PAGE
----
May 23. 2024. 9:02

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The Brief – The rehearsal

Austria is charged with political electricity, but it’s not because of the upcoming EU elections in June. Bigger events are looming only three months later: the national election that might put the far-right in charge of the Alpine country.

In less than a month Austria chooses 20 EU lawmakers to represent it in Brussels and Strasbourg.

Despite the speeches about the importance of the EU, Austrian candidates are boilerplate backbenchers – unlike neighbouring Germany, where talk-show clashes between local political firebrands and Commission President Ursula von der Leyen are looming large, while in France, EU election clashes happen daily.

But Austrian party slates feature political has-beens, like centre-right Österreichische Volkspartei’s (ÖVP) Reinhold Lopatka – who last held a relevant position in 2017 – or the eternal far-right Freiheitliche Partei Österreichs (FPÖ) networker Harald Vilimsky – who after 10 years in parliament, looks to continue his pet project of uniting the German-speaking far-right with those in Italy and Hungary.

The centre-left Sozialdemokratische Partei Österreichs (SPÖ) put forward Andreas Schieder – who remains an unknown after leading the party to a massive defeat in the 2019 EU elections.

Like the candidates, the political slogans stem from a lack of motivation. Lopatka promises ‘Europe. But better’ while the Greens say ‘Europe needs heart’.

The FPÖ appears to churn out posters at the same rate as all the other parties combined putting some zing into their campaign, with a particularly tasteless image of von der Leyen kissing Ukrainian President Volodomyr Zelenksyy, linking them to “Eco-Communism” and “warmongering”:

The European Election is, in fact, a rehearsal for the real thing: Just three months later, sometime in September, the country’s biggest parliamentary election of the decade will take place. Politicians will face the music in the form of the bill for COVID-19-related spending and the inflation that followed Russia’s invasion of Ukraine.

When citizens head to the polls to elect a new national parliament, they will unseat the longest-sitting lawmakers in the country’s democratic history – after terms were extended to five years in 2007, no single government lasted this long, and it is only the second government to even make it this far.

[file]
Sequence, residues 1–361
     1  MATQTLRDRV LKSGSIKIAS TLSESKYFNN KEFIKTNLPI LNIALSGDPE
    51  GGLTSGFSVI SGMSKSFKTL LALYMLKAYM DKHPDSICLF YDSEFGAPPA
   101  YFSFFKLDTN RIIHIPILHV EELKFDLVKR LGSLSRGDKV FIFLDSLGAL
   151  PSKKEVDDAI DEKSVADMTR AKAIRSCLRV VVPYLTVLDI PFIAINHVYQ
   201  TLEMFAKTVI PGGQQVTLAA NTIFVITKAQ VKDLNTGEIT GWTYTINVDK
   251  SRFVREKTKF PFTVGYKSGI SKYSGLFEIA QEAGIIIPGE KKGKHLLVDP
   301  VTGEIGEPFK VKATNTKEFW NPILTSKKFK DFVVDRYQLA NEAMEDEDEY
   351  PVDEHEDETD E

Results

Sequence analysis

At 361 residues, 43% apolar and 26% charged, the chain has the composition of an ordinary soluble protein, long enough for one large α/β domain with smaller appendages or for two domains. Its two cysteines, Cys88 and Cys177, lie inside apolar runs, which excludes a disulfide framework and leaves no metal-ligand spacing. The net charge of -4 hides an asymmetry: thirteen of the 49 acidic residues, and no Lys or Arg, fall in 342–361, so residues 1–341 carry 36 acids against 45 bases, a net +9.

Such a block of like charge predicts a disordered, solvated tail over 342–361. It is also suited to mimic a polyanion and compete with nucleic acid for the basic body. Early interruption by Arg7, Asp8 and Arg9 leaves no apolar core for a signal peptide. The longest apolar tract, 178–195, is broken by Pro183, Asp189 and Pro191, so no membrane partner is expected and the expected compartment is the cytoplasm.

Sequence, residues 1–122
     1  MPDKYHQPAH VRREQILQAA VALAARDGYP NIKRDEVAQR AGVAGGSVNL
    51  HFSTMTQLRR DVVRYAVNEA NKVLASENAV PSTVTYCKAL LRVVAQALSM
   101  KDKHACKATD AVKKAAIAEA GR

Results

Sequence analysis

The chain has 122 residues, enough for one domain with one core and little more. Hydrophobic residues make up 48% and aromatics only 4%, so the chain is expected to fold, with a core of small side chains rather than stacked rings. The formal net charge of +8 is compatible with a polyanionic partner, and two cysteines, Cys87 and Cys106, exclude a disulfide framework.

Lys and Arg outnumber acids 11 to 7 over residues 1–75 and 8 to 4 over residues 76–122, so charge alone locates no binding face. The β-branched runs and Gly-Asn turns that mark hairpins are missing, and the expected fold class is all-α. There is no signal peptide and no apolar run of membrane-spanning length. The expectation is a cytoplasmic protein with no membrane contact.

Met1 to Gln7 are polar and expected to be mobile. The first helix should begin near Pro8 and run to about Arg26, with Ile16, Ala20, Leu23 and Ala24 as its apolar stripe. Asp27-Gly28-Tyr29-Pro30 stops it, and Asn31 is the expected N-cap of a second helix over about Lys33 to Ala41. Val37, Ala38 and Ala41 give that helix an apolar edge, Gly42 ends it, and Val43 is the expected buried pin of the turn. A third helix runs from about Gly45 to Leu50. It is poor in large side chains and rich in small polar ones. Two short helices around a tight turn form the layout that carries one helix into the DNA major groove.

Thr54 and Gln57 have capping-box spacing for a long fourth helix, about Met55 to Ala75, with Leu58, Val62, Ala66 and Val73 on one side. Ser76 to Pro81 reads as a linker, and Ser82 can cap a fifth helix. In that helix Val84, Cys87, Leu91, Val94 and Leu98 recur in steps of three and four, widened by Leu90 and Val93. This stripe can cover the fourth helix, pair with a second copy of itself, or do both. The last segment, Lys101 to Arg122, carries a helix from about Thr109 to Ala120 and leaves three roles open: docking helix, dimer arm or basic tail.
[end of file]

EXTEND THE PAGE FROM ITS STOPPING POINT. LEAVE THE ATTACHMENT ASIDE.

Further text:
The political cards aren’t just being reshuffled – the whole table will be flipped.

2019 saw the liberal-conservative ÖVP – led by now-disgraced Sebastian Kurz – winning over a third of the vote. But today, reaching more than a fifth of the votes may be seen as a great result.

The Greens, who quadrupled their vote share to 13% in 2019, are now struggling to surpass 10%.

Meanwhile, the erstwhile biggest opposition party, the SPÖ, is floundering at about 20%, plagued by infighting and the missteps of the newly crowned far-left leader, the small-town Mayor Andreas Babler.

While initially touted as a revivalist of the well-trodden centre-left, Babler has failed to stand out politically and personally, spurning elites in favour of appealing to an undefined “our people.”

In the other corner, the FPÖ—with fresh support from anti-vaxxers and those partial to Russia—is at 30%, doubling its 2019 result to become the most dominant party. This would give the far-right to claim at least the post of parliament president, with its vast procedural powers.

And Herbert Kickl, the far-right firebrand and self-styled “People’s Chancellor,” may well become chancellor, the head of the Austrian government, a first in the country’s post-war history.

When Austria first welcomed the FPÖ, then led by Jörg Haider, into government in 2000, the EU was shocked and considered sanctioning the country. Few expect that external pressures will prevail this time around.

June will show whether the FPÖ can transform polling into poll results and whether one shock election will be enough to calm the population’s anger.

Until then, other political parties get to rouse their campaigners, rehearse their canvassing pitches, work on their design skills, and start training for the hot phase of the election – Kickl already did a cross-country test run last year, other politicians may well struggle to match him.

The Roundup

French delegate Minister of Industry Roland Lescure visited the production site of Italian pharmaceutical group Chiesi in the Loir-et-Cher area on Tuesday, after the company announced an investment of €10 million.

To get Europe on track for its 2030 renewables targets, the European Commission has provided new guidelines to EU countries for fast-track deployment zones while opening the door to more restrictive renewables auctions.

Member states keen on integrating their capital markets will likely move ahead by themselves if no EU-wide consensus can be reached, European Commissioner for Economy Paolo Gentiloni said on Monday.

The European Union sent an official complaint to the broadcaster of the Eurovision song contest on Monday over its refusal to let participants wave the bloc’s flag at this year’s final.

A meeting between Greek Prime Minister Kyriakos Mitsotakis and Turkish President Recep Tayyip Erdoğan in Ankara occurred in a “positive atmosphere”, but thorny issues and disagreements remain.

Look out for…

  • Agriculture Commissioner Janusz Wojciechowski attends online 34th session of FAO Regional Conference for Europe on Wednesday.
  • Commission Vice President Vĕra Jourová attends joint signing ceremony of Interinstitutional Ethics Body Agreement on Wednesday.
  • Enlargement Commissioner Olivér Várhelyi in Montenegro, participates in regional Western Balkans leaders summit on Growth Plan on Wednesday-Thursday.

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